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Giosetta Fioroni (Italian/Rome, b. 1932) was born into a family of artists in Rome. Influenced by her parents and mentors, like Toti Scialoja, Fioroni developed a bold style early on that stayed with her for her entire career. After finishing her studies with Scialoja at the Academy of Fine Arts in Rome, Fioroni became the only woman to join the Scuola di Piazza del Popolo, a group of artists with whom she developed a distinctly Italian Pop Art aesthetic. In 1963, Fioroni began to work with images projected onto canvases. Using metal-based paints, Fioroni mimicked the silvery effects of Italian and French cinema. By fostering this unique style within the influential Scuola di Piazza del Popolo, Fioroni quickly became one of the most important Italian Pop artists of the 1960s and ‘70s.

Throughout the 1960s and ‘70s, Fioroni was given numerous exhibitions at La Tartaruga, the center of the Scuola di Piazza del Popolo group, both in group and solo shows. Fioroni participated in important exhibitions at galleries and institutions around Europe, including the Nuove tendenze in Italia at Galleria del Naviglio in Milan (1966), and Vitalita del negative nell’arte italiana 1960/70 at the Palazzo delle Esposizioni in Rome (1970-71). A retrospective of Fioroni’s art was held at the Centro Attivita Visive del Palazzo dei Diamanti in Ferrara in 1972. Fioroni also participated in the Venice Biennale in 1956 and 1964, and had her own room at the Venice Biennale in 1993.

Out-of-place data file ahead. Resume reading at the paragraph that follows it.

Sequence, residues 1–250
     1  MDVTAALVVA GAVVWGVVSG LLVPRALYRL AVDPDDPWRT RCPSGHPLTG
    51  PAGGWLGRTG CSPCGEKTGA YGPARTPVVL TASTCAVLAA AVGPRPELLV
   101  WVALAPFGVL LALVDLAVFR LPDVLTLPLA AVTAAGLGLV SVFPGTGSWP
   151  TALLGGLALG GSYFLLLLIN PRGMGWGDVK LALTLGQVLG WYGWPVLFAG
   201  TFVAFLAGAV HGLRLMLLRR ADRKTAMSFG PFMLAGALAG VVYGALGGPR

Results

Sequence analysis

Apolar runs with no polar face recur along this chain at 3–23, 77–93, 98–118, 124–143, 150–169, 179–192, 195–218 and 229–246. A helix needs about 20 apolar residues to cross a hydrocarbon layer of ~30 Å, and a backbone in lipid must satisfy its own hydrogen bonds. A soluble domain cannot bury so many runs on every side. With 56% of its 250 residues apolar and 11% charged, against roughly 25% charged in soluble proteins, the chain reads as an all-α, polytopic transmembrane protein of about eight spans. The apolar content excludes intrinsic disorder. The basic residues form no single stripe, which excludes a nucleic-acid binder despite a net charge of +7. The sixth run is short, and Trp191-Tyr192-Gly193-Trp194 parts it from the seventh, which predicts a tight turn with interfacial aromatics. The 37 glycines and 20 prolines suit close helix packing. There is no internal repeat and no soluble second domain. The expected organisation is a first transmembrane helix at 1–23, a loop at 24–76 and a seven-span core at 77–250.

Fioroni has experimented with a diverse range of mediums throughout her artistic career, including drawing, bookmaking, painting, performance, sculpture, ceramics, and recently, photography. Through all of her chosen media, Giosetta Fioroni’s art challenges what it means to look at and be looked at by women. In La Spia Ottica, her famous performance piece from 1968, Fioroni constructed a room in which an actress “lived” for the duration of the piece, punching a small hole in the wall for viewers to watch the performance. La Spia Ottica was restaged at Frieze New York in 2017 and stands as a testament to the relevance of her art.

In 2014, Fioroni collaborated with the Italian photographer Marco Delogu and posed as multiple “alter egos” for a series titled L’Altra Ego (2014). Her portraits are also about looking. Using metallic paint on plain grounds, Fioroni draws the viewer’s attention to the gazes of her “sitters”, which are often images of women taken from film and advertisements. Overall, by combining the vocabularies of pop art and 1960s and early ‘70s feminism, Fioroni’s art makes a political statement about looking and being looked at.

Giosetta Fioroni currently lives and works in Rome.

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